[op-ed snap] Indian elections, South Asian concerns

Mains Paper 2 : Bilateral, Regional and Global Groupings and agreements involving India |

Note4Students

From UPSC perspective, the following things are important :

Prelims level : SAARC

Mains level : South Asian region's want for stability


CONTEXT

The rest of South Asia wants the very best of democracy for India, plus to share in the peace dividend, growth and camaraderie.The level of worry is also at a pitch, for India should be the bulwark against weakening democracy in a world of Bolsonaro (Brazil), Duterte (the Philippines), Erdoğan (Turkey), Putin (Russia) and Trump (the U.S.) not to mention the People’s Republic of China.

The current democratic scenario in India

  • The term ‘world’s largest democracy’ is achieving banality as India gains majoritarian momentum.
  • Centralisation and majoritarianism – Centralised control of society would never be possible in such a vast and variegated society of sub-nationalities.
  • Degradation in quality
    • The high principle and probity of India’s political class, bureaucracy, academia and civil society are now exceptions rather than the rule.
    • India’s Ambassadors are no longer the self-confident professionals we knew for decades, they act today like timid note-takers.
    • Higher education is directed by those who insist that the achievements of Vedic era science included flying machines and organ transplants.
    • Meanwhile, the adventurism that marked economic management, including immiseration through demonetisation, has been ‘managed’ through loyal social and corporate media.

India As an Example for others in Subcontinent

  • Parliamentary democracy – Parliamentary democracy is the governance procedure adopted by each and every country of South Asia, and the Indian practice has always been held up as the example.
  • The professionalism of the civil service – The precedents set by India’s courts are studied elsewhere, the professionalism of the civil service is regarded as the benchmark, and everyone else seeks the aspirational welfare state set in motion in India in the middle of the 20th century.

Neighbour’s Observations

  • Pakistan – Lahore intellectuals watch with apprehension as India copies the excesses of Pakistan’s theocratic state.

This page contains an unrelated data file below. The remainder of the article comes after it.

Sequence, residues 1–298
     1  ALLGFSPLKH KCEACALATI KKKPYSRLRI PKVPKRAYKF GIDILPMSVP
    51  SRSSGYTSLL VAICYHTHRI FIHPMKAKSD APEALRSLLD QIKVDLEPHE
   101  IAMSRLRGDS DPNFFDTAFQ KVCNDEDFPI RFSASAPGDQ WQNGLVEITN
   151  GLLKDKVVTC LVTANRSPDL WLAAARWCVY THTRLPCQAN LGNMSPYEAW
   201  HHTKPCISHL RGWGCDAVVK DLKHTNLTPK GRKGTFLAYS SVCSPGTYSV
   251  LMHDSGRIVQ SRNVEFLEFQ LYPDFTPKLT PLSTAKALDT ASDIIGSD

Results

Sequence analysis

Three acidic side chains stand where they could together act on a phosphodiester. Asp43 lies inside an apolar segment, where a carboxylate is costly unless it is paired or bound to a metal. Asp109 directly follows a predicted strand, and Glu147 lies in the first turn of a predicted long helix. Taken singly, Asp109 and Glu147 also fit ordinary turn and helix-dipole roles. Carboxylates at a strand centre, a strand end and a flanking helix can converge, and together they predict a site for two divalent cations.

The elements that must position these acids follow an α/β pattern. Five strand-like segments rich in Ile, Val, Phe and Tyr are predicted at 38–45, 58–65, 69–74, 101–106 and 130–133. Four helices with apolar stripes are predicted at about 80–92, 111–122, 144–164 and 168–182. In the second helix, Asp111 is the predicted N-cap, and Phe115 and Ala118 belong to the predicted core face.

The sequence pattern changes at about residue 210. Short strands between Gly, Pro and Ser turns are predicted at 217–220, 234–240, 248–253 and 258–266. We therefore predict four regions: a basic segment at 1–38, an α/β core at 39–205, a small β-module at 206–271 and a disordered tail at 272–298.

• Bangladesh – Dhaka observers are numbed into silence with New Delhi’s vigorous backing of Prime Minister Sheikh Hasina Wajed as she constructs an intolerant one-party regime.
  • Sri Lanka – Colombo rides a geopolitical see-saw as New Delhi shadow-boxes Beijing.
  • Nepal –  Kathmandu wonders whether New Delhi has it in itself to concede that the amplified Chinese involvement in Nepal is the result of the Great Blockade of 2015-16.

Challenges

  • India is indeed large and important, but the chest size of a country does not translate into equity, social justice or international standing.
  • Inequality – Because nearly 20% of humanity lives within its boundaries, when India falters, the pit of despair and the potential for violence open up wide and deep.
  • Imagining south asian regionalism in right way
    • The South Asia that New Delhi’s policy and opinion-makers should consider is not the centralised Jambudvipa mega-state of the RSS imagination. Instead, the ideal South Asian regionalism is all about limiting the power of the national capitals, devolving power to federal units and strengthening local democracy.
    • Damage to SAARC -The freeze put by India on the inter-governmental South Asian Association for Regional Cooperation (SAARC) is only a cynical means to keep Pakistan out of the club.
    • The sabotaging of SAARC can hardly be considered a victory, for that feather-light geopolitical stratagem fails to consider that regionalism is a potent means to bring economic growth and social justice to India’s own poverty-stricken ‘peripheral regions’ from Assam to Purvanchal to Rajasthan.
    • For its own security and prosperity as well as that of the rest of us, India must re-connect with South Asia.

Way Forward

  • Subcontinental regionalism – Subcontinental regionalism is also important to achieve New Delhi’s ambitions on the world stage, including that coveted seat at the UN Security Council.
  • Think tanks approach -India’s global comeback will start the day New Delhi think tanks begin questioning South and North Block rather than serving as purveyors of spin.
  • Gujral Doctrine – On South Asian matters, they should pull out a copy of the Gujral Doctrine from the archives, to be dusted and re-examined.
  • India that is prosperous and advancing at double digit growth,  would mean much not only for its 1.35 billion citizens, but to the other 500 million South Asians. For its own selfish interests, the rest of South Asia wants India to succeed in the world.

 

 

 

 

 

Foreign Policy Watch: India-SAARC Nations
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